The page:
Hoping for a swift return

Chimney swifts are birds that enjoy close contact with humans, often nesting in chimneys just above the fireplace. If you are lucky, you’ll hear their soft, chittering calls as they raise a family.

Just be sure you keep the damper closed while the birds are in residence.

Small birds with a slender body, chimney swifts use glue-like saliva to cement their nest to a chimney wall. Their feet are such that they cannot perch, but instead cling to the vertical walls inside chimneys or in hollow trees or caves.

Some people try to attract chimney swifts by putting up a tower designed for their special needs. You can see such a tower at the Patsy Glenn Refuge in Wimberley, a bird sanctuary located just across from the Wimberley Convention Center.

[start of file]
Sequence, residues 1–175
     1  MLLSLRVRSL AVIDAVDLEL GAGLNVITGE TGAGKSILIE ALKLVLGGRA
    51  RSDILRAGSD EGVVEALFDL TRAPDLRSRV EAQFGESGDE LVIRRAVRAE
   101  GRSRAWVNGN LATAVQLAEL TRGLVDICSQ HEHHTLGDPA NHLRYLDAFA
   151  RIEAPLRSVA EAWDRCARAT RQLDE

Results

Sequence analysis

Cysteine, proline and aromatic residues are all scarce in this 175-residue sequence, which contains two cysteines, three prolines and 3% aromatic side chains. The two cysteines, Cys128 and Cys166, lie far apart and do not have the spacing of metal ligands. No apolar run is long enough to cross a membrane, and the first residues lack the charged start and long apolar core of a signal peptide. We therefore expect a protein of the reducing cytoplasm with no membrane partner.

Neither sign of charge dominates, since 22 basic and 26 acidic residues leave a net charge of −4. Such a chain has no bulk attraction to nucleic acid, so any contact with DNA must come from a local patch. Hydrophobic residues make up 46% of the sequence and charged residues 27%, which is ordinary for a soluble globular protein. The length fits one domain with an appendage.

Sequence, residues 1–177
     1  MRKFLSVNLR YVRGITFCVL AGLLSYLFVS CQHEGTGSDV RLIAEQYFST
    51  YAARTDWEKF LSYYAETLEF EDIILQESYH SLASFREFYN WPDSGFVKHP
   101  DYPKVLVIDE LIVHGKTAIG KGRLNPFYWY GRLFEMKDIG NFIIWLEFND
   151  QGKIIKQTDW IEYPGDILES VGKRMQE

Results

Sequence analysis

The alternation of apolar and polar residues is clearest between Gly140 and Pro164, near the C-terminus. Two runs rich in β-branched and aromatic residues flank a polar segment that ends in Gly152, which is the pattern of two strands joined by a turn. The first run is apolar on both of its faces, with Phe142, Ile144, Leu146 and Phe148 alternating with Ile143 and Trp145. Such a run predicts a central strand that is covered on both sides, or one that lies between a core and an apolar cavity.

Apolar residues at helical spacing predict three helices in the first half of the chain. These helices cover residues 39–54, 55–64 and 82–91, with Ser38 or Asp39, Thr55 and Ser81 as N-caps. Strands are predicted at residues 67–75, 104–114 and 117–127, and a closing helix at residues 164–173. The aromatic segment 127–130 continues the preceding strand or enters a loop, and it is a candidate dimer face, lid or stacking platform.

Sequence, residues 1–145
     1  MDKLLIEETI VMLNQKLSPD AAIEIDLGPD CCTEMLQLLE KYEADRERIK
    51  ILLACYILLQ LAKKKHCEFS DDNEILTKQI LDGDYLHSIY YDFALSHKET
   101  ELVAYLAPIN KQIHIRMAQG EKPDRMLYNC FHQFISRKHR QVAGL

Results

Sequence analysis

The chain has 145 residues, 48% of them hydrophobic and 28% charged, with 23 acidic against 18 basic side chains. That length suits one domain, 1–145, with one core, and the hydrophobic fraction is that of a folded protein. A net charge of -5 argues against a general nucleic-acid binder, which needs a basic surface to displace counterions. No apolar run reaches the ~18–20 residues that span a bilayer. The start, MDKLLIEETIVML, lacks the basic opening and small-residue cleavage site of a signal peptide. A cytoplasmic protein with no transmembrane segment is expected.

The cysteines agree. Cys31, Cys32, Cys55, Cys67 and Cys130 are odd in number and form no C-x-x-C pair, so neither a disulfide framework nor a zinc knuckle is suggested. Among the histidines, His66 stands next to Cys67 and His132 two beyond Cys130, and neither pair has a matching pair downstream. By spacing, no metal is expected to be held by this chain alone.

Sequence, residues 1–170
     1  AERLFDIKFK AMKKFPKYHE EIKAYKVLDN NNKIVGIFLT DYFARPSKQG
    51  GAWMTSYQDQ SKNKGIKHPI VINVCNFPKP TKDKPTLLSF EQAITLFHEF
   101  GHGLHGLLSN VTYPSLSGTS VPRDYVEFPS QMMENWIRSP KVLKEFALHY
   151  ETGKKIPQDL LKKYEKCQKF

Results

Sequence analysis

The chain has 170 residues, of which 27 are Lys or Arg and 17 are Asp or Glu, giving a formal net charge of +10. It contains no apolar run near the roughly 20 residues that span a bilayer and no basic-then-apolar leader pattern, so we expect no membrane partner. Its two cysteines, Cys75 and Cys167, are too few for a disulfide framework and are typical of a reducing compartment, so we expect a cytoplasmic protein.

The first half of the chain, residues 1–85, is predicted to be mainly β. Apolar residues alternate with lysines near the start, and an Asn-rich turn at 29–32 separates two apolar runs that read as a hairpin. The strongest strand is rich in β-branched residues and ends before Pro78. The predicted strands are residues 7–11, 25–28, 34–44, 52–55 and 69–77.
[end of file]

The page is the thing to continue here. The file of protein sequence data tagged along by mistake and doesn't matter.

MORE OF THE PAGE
Most of this bird’s active life is spent in the air, catching insects on the wing. To bathe, it will fly down and smack its body against the water surface and then bounce up and shake the water from its feathers as it flies away.

Chimney swifts breed throughout the eastern half of the United States and fly south to Mexico and Central America for the winter.

I once had a family of swifts above one of my fireplaces and very much enjoyed their soft chittering on a summer evening. Unfortunately, I became worried about a raccoon coming down the chimney and had a metal cap installed.

I now regret that decision and believe I was overly cautious. I miss my little birds and their soft evening calls. I will soon have that cap removed and just hope the chimney swifts will return.

Comment on this Article

About Author

Comments are closed.